Hoffman Estates, Ill. - Sears Holdings will close upward of 120 Sears and Kmart stores in the wake of sharp holiday declines in CE and ongoing weakness in majaps.
More than half of Sears' 6 percent decline in fourth-quarter comp sales stemmed from CE, the company said, and the category was a chief contributor to a 4.4 percent drop in Kmart's comps.
White goods were also a primary driver in Sears' fourth-quarter declines.
Together the sister chains posted a 5.2 percent decline in comp sales for the three months, ended Dec. 25.
The lower sales, coupled with higher expenses and continued margin pressure, will cut the company's adjusted EBITDA (earnings before interest, taxes, depreciation and amortization) by more than half year-over-year.
"Given our performance and the difficult economic environment, especially for big-ticket items, we intend to implement a series of actions to reduce ongoing expenses, adjust our asset base, and accelerate the transformation of our business model," said CEO Lou D'Ambrosio. "These actions will better enable us to focus our investments on serving our customers and members through integrated retail - at the store, online and in the home."
Besides the store closures, which comprise about 6 percent of the chain, the actions include reallocating floor space in certain stores based on category performance, and reducing inventory next year by $300 million excluding the effect of the store closures. Total inventory reductions could total $580 million.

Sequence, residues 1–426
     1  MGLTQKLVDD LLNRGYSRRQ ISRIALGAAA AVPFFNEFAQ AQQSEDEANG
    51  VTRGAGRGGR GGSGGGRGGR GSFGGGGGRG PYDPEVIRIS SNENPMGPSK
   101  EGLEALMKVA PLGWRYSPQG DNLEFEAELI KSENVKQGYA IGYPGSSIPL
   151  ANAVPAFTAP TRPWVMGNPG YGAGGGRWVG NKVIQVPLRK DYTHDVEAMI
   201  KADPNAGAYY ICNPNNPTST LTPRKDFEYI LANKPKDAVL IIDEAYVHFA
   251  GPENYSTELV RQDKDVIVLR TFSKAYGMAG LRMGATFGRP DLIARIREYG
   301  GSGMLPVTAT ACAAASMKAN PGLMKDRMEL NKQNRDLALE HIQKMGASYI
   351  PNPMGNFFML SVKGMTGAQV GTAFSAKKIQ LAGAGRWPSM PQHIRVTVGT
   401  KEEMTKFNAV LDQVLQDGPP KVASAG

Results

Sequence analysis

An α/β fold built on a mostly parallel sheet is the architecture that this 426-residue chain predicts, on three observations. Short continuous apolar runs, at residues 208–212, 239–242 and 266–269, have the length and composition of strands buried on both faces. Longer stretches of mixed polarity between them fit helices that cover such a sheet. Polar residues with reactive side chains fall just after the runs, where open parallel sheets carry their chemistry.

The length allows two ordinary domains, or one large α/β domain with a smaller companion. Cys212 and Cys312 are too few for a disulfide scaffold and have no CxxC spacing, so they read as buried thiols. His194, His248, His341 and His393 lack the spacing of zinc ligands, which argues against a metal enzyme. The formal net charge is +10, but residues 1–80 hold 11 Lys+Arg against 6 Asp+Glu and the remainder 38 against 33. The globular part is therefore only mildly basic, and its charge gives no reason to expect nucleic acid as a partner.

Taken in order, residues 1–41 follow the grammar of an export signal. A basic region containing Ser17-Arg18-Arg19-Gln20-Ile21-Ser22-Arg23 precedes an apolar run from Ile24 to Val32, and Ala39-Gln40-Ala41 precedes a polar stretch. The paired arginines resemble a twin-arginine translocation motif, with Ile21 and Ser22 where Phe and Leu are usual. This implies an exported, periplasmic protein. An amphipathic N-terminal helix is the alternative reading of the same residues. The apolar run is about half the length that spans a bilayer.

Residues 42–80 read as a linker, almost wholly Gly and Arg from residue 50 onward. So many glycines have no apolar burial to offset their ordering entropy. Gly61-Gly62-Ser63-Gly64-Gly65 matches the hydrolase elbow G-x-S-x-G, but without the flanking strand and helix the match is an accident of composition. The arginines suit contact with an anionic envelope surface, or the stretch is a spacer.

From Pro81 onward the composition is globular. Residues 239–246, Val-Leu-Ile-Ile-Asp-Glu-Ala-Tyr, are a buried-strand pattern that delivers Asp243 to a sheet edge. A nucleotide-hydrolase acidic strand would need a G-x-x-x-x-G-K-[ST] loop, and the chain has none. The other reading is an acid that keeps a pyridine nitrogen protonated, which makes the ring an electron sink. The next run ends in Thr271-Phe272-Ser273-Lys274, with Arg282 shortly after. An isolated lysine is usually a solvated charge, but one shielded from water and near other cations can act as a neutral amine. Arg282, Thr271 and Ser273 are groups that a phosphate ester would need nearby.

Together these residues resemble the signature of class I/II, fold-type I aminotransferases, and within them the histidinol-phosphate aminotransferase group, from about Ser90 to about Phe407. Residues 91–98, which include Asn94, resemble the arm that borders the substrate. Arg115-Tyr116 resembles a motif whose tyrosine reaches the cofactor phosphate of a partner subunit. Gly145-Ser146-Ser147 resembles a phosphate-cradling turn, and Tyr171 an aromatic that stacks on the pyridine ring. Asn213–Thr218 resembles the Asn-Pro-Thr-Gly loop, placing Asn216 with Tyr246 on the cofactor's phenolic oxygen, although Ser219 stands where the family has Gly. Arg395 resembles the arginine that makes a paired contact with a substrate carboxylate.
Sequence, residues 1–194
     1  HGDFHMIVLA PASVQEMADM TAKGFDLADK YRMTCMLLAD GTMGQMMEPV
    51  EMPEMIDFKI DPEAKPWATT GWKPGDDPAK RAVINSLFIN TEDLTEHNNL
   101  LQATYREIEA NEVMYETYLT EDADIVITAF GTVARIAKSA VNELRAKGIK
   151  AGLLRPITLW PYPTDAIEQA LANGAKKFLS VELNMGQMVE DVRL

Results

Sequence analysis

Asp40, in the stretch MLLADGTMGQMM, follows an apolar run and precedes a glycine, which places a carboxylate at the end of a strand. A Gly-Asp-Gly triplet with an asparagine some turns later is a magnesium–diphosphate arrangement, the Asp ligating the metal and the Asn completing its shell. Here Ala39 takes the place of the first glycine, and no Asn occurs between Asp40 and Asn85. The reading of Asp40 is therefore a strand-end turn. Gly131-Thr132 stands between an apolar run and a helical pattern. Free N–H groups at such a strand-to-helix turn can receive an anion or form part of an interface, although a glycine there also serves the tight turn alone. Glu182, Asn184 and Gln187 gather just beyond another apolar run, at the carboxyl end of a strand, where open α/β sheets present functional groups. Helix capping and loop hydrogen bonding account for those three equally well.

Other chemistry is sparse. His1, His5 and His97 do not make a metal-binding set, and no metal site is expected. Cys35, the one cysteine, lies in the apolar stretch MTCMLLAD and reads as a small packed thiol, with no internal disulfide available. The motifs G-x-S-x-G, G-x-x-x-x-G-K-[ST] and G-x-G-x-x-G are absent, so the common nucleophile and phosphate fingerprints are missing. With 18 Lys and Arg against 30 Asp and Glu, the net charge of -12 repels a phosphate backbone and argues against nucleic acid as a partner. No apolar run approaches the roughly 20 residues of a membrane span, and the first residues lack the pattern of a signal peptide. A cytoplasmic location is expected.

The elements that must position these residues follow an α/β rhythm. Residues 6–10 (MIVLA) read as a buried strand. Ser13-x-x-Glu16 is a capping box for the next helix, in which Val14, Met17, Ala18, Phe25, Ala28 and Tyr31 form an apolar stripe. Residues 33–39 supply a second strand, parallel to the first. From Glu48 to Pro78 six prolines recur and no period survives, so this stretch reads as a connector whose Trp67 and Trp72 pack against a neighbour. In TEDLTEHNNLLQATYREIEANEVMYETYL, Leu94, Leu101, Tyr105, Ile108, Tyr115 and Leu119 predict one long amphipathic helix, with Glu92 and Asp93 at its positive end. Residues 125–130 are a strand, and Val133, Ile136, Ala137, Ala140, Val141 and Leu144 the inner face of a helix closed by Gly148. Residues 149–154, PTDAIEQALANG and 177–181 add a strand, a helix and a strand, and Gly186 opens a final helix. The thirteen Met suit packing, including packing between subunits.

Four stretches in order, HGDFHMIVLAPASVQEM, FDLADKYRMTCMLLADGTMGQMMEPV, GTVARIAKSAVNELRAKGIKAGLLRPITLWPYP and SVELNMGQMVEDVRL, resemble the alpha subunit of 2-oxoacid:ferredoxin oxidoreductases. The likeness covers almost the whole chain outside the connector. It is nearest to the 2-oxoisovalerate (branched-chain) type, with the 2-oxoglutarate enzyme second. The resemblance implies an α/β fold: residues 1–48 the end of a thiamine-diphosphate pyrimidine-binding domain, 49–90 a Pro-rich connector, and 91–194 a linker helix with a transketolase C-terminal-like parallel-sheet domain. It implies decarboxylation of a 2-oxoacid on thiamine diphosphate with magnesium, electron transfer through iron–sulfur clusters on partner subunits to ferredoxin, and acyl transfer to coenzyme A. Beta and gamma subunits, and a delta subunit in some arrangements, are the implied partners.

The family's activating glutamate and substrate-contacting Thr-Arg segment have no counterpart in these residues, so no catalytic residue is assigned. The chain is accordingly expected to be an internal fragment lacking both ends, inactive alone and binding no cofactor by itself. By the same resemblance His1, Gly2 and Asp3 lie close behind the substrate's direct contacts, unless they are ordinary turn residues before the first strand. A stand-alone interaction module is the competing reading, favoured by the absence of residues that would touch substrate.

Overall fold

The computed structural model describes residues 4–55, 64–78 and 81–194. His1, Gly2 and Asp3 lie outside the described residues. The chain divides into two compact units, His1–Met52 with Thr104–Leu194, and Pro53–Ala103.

The company will also look to improve its gross profit through better inventory management and more targeted pricing and promotions, D'Ambrosio said.
Sears said the store closures represent a departure from its past practice of trying to improve marginally performing locations. "We no longer believe that to be the appropriate action in this environment," the company said, and indicated that it will continue to carefully evaluate store performance and close poorly performing locations as circumstances allow.
In a research note, Credit Suisse retail analyst Gary Balter said the preliminary Q4 report "points to deepening problems at this struggling chain and renew worries about Sears' survivability. The moves announced by Sears point to desperation ... [and] one wonders if vendors begin to worry about their own exposure."
Balter attributes Sears' woes to it ongoing reluctance to invest in stores and service, fierce majap promotions from Lowe's and The Home Depot, and its lack of price competitiveness in CE.